Not sure what you mean "the diagnostic tool points to the coil". If it's electrical or sensor-related, there should be a diagnostic fault code memorized, and the "Check Engine" light will be on. If an ignition coil becomes shorted, the engine computer will shut the drivers down to protect them.
If the air gap is not set to specs on the pickup coil in the distributor, the Automatic Shutdown Relay will not turn on or will turn off intermittently. That will result in no spark and the fuel pump won't run.
You will never solve a cutting out problem on a Chrysler product by changing the fuel filter. The distributor cap and rotor are highly unlikely too. The pickup magnet will never cause the problem you describe, but the pickup coil definitely could. Looks like you didn't change that. Try that first, although you should have gotten a fault code for "crankshaft position sensor". After that, a professional diagnosis might be cheaper than just throwing a lot of parts at it.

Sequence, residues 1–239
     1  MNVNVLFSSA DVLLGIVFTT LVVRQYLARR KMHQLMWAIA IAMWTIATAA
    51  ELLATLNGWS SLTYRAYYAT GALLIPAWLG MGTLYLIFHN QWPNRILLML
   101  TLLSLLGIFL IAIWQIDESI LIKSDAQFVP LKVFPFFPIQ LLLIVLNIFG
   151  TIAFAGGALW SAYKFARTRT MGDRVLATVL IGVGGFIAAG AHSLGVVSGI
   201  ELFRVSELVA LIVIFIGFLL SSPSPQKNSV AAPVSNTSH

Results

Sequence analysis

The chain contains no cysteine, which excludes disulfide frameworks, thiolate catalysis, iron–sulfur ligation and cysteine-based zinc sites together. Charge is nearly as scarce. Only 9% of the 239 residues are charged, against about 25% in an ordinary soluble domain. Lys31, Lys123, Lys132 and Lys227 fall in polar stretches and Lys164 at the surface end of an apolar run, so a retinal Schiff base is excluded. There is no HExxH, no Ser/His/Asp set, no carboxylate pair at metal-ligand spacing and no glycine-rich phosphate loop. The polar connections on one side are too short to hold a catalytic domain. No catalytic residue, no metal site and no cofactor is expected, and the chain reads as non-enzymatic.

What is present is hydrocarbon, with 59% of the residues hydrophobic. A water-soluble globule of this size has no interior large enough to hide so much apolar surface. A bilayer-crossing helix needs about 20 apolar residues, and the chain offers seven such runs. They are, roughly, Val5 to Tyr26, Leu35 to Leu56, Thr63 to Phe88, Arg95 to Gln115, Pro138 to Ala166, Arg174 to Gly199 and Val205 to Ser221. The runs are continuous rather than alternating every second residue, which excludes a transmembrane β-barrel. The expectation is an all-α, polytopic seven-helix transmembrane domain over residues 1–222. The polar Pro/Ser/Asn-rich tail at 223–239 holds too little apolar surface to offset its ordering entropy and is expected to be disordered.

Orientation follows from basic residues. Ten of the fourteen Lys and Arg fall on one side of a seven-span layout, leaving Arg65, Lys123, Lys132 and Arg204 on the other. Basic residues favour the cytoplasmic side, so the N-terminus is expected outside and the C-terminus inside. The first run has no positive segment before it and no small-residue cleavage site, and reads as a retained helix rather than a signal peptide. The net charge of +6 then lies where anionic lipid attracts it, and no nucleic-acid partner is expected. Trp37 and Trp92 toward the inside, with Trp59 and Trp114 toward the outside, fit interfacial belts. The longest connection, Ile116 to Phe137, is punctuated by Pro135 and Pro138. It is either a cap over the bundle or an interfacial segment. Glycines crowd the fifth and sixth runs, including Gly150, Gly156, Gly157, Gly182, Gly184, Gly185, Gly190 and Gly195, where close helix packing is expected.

Wednesday, April 15th, 2009 AT 3:45 AM